Beautiful spikes of bright red flowers that continue all summer long until frost kills them. Salvia bonfire is very showy and really brightens the garden. It also attracts humming birds who are one of the few critters that can reach the nectar in the tubular flowers. Mostly grown as an annual it can act like a perennial in warmer areas (zones 8+). Easy to grow from seed and flowers within 6-8 weeks from sowing. Needs full sun for best results and a well drained soil does not like it wet. Does well in pots and makes a great accent to patios and decks. Plant close to the house so you can enjoy watching the humming birds. You will be glad you did.
Growing Scarlet Sage 'Bonfire' (Salvia splendens) from Seed.
Seeds need light to germinate so do not cover. For early displays sow seeds indoors in late winter in small individual pots or cell trays. Keep soil moist but not wet until the seeds germinate and grow. This is best done by spraying the water so the seeds do not accidently become mixed with the soil and lose light. Place in bright light, a south window or grow lights no more than 18 inches (45.72cm) from the seed tray and keep at 65-70 F (18.3-21 C) until they germinate. If in an open tray carefully remove the seedlings as they develop and pot into their own pots. Grow on until they reach at least 3 inches (7.62 cm) in height before hardening off and planting outside after all danger of frost has passed. For more details on starting seeds see our General Growing Instructions.
They are not really fussy about soil type but it needs to be well drained. they cannot tolerate wet or waterlogged soils.
They do need water and are not drought tolerant. Place in areas where they get good rainfall or supplement with watering. A soaker hose around the base of the plants is an ideal way to distribute moisture easily.
Salvias make good potted plants and can be grown on decks, patios or as accents in the garden just ensure that the pots are regularly watered. The larger the pot the bigger your plant will become so choose carefully. This is an excellent way of getting the plants close to the house windows so you can enjoy the wildlife visiting the flowers.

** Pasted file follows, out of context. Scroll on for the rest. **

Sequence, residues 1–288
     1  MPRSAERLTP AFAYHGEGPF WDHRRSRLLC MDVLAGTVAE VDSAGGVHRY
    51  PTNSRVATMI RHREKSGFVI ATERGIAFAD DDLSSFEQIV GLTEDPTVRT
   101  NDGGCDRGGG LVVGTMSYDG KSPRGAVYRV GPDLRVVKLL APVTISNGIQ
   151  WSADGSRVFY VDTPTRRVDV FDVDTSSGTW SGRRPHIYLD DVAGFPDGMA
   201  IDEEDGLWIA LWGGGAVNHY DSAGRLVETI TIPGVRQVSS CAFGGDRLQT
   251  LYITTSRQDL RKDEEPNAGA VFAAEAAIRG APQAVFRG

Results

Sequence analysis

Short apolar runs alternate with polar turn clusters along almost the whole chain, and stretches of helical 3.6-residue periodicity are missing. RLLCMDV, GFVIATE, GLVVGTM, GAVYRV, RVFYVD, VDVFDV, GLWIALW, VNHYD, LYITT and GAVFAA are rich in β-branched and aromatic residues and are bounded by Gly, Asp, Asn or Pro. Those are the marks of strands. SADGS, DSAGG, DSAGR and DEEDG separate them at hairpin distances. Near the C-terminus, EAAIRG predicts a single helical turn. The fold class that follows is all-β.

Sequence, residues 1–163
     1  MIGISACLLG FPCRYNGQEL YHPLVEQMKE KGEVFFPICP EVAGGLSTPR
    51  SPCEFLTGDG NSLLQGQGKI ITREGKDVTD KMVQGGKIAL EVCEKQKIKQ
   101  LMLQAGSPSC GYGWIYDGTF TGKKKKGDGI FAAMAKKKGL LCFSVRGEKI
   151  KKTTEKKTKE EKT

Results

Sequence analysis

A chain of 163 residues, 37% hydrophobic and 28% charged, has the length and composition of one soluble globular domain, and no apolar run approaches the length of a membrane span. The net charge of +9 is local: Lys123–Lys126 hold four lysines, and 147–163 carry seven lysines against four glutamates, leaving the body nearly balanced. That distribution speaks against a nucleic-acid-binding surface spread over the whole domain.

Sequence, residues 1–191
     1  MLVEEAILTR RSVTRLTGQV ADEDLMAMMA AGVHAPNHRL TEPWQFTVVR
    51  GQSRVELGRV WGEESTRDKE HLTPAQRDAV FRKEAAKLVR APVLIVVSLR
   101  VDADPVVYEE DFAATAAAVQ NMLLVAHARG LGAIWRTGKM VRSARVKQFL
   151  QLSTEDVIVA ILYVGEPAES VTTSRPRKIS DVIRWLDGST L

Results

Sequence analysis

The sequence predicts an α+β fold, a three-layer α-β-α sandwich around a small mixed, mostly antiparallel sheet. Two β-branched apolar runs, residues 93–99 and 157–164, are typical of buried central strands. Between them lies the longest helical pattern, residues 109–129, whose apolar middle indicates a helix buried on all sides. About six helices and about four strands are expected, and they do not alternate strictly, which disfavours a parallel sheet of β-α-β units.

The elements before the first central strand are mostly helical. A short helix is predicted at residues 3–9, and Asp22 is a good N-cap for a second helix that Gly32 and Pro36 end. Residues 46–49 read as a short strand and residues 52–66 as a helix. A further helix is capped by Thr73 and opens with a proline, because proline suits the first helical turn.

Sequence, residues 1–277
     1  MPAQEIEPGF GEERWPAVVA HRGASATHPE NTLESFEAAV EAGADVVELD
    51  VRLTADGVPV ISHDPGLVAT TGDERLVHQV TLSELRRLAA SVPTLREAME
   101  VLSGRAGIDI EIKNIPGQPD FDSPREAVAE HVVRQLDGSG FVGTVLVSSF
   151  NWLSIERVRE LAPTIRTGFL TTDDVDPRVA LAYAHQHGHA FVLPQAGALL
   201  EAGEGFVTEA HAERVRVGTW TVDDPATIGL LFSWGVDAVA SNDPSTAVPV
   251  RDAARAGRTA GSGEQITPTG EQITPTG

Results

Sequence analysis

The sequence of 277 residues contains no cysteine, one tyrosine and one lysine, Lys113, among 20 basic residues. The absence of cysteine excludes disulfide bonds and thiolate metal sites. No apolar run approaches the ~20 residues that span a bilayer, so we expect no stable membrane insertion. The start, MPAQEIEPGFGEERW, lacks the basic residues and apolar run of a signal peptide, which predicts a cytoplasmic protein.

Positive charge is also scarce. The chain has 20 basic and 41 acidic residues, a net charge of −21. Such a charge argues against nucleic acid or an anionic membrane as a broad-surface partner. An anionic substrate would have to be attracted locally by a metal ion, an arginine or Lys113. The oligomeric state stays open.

Red salvias are fairly heavy feeders so offering them fertilizer during the year will make your plants bigger and stronger. Adding compost to the soil before they are planted is a good start, then a liquid fertilizer once a month or in strong growing locations twice a month is ideal. Plants can become large and bushy with such treatments. They will still grow well with just soil compost if you don't have time to feed them but they will not be as large.
For most of the country this plant is grown as an annual. It will be killed by winter frosts and decimated by cold winters. Remove dead plants either in the fall or early spring.
In warmer zones (8+) they act as perennials but may looe all their leaves in winter. Before pulling out check carefully to see if roots are still alive or you could remove plants that will give you flowers next year. Mulching around the flowers roots can help it to fend of any cold (not serious cold) and help it through the winter.
In most cases new stems arise in spring but sometimes the stems will regrow leaves. However removing some stems over time can stop the plants from becoming leggy and less attractive.
Some sources suggest deadheading the plants as flowers die to help promote more flowers and keep the plants tidy. While this can be done it is not necessary plants will form many blooms over the season. if you have time to clean up your plants that's a bonus.
Ants can also be a problem as they will bite the back of the flower from outside and rob it of the nectar.
There are also reports of whitefly on red salvia but for the most part if the plants are kept health and strong this is not usually a problem. However ensure that any plants you buy, no matter what are inspected before purchase and rejected if there are any pests on them. Don't bring the problem home with you.